Making an abnormal situation feel normal in qual
Qualitative research (i.e. focus groups, depth interviews) does not lend itself to normal conversations. The researcher has an agenda. They have things that their client needs them to ask, and it is important that they hear the answers back from the respondent in their own words.
Qualitative research is thus in many ways extremely regimented and entirely one sided. The researcher asks the questions and the respondent gives the answers, in a way which allows the respondent to tell their story without being distracted or influenced by the researcher.
To achieve this:
- The researcher should appear neutral.
- The researcher should not chip in with their own anecdotes or experiences.
- The researcher should not offer their own opinions.
- The researcher should not make or show any judgement about the answers given by the respondent.
This is very different from a normal conversation.
Person A: Could you tell me about your dental hygiene regime?
Person B: Well as soon as I get up I brush my teeth.
Person A: Really? I do mine after breakfast, don’t you do yours after breakfast?
Person B: No, before. Do you think I should wait until after breakfast?
Person A: Well doing it after breakfast means your teeth are clean for work and your mouth doesn’t taste bad all morning.
Person B: Oh, maybe I should change?
Researcher: Could you tell me about your dental hygiene regime?
Respondent: Well as soon as I get up I brush my teeth.
Researcher: So what’s your process on a typical day?
Respondent: Well I brush my teeth for a couple of minutes, however long until the brush beeps.
Researcher: Mmm hmm.
Respondent: It is one of those ultrasonic ones. Then I use mouthwash.
Respondent: And some days I floss, or use an intradental brush.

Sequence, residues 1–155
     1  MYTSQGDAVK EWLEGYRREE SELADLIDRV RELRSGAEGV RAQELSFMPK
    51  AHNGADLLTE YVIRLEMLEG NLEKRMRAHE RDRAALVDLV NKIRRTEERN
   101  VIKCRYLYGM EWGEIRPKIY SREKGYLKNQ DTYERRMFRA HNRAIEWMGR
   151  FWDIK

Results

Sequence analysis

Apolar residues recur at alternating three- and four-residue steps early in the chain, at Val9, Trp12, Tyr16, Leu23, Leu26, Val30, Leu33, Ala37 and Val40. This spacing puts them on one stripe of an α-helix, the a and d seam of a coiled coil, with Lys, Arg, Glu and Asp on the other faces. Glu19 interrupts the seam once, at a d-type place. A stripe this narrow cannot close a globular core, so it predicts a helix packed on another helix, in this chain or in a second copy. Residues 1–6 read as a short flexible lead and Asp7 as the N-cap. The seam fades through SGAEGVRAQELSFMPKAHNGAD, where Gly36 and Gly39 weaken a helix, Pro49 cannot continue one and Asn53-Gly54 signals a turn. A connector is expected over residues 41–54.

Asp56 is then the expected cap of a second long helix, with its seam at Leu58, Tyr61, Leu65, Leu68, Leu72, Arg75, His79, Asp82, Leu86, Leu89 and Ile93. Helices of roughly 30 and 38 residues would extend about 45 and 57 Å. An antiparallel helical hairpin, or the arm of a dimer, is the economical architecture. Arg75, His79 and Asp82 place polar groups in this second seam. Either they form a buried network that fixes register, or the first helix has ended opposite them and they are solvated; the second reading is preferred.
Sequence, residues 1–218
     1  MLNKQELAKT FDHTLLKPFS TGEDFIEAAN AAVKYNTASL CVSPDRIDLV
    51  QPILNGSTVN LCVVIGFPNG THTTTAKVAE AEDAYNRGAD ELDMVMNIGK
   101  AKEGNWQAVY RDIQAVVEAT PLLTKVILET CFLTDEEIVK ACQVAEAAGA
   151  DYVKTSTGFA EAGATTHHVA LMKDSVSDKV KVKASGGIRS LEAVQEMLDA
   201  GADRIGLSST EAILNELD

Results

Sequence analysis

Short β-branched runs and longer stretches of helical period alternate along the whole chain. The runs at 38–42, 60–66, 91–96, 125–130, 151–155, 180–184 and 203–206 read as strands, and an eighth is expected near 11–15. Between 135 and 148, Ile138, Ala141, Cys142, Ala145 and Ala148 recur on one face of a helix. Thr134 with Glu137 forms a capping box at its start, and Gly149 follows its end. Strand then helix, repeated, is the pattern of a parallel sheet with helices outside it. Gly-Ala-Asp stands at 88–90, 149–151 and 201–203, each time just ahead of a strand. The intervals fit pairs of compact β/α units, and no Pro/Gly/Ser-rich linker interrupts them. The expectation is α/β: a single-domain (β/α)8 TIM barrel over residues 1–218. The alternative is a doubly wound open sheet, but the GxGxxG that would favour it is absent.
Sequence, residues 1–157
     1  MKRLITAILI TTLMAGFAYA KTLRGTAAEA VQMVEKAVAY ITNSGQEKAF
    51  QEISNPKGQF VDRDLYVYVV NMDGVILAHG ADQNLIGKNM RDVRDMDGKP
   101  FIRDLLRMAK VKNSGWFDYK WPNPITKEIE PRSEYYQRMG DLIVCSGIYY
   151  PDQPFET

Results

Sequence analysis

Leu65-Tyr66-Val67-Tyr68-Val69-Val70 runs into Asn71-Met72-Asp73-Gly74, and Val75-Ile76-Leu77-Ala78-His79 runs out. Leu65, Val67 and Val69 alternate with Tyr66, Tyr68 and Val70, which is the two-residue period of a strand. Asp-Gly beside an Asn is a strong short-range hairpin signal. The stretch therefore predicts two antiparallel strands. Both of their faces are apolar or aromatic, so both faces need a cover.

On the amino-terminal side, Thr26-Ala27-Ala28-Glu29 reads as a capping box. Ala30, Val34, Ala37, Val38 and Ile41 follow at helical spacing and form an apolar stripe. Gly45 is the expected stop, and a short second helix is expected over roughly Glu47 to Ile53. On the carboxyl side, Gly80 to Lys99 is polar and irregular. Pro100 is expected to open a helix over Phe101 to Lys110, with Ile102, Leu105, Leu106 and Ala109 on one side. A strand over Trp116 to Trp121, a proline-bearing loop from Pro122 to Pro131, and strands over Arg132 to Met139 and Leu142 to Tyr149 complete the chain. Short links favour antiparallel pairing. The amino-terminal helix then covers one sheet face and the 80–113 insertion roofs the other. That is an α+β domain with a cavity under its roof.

Researcher: And why do you do it that way?
Respondent: Well habit…
Respondent: …but my dentist says my dental hygiene is good, and I didn’t need a scale and polish last time I went for a check up, so I must be doing it right.
Basically in an ideal interview or focus group, the researcher should take control but say as little as possible. This is all well and good, but it is important that the researcher creates an environment where the respondent wants to share their thoughts as fully as possible. This is tough when the conversation is entirely artificial and one sided. But, it is possible to do things to make the artificial situation feel more natural:
- The researcher should dress and act in a way which does not intimidate the respondent.
- The researcher should use active listening such as nodding and make encouraging noises.
Without wishing to sound patronising or offensive here, the idea is that the respondent feels that they are so fascinating that they do not notice that the researcher is not actually joining in.
I think the best way to do this is to genuinely be fascinated by the respondent. And honestly, yes, I do believe that people are usually fascinating.
But as a researcher you’re at work and you have plenty to be thinking about during an interview which can distract you. You need to be keeping an eye on the time, and making sure you squeeze in everything that your client needs you to squeeze in, and ensuring your questions are open and not leading… This being the case, I am a big advocate of planning planning planning before I moderate. I bring together all sorts of experience and good practice to create an interview schedule or discussion guide which will allow me to steer the conversation on the day. I’ll have a document in front of me which allows me to see the key topics I need to cover, in a logical order which I expect to guide the respondent into a coherent narrative, through using some pre-prepared broad and open questions, at the same time giving me a good idea of how I’m progressing against time. (Click here for a random example from the web if you’d like to see what this looks like). Personally, I also prefer to audio record the sessions and take no notes.
This all means that I can concentrate on what the respondent is actually saying rather than having a racing mind freaking out in the background about what I’m going to say next and how I’m going to stop the respondent going off on a tangent and whether I’ll be able to finish on time.
It is the researcher’s ability to suppress their inner monologue whilst still getting the job done which makes the conversation appear more natural and which makes their interest in the respondent appear more genuine.
When this works well, it works really well. I think it is because it is so irregularly that individuals are given half an hour to be allowed to share their thoughts without judgement or interruption that (dare I say it) some respondents even find the process therapeutic.
Even if they are just talking about toothpaste!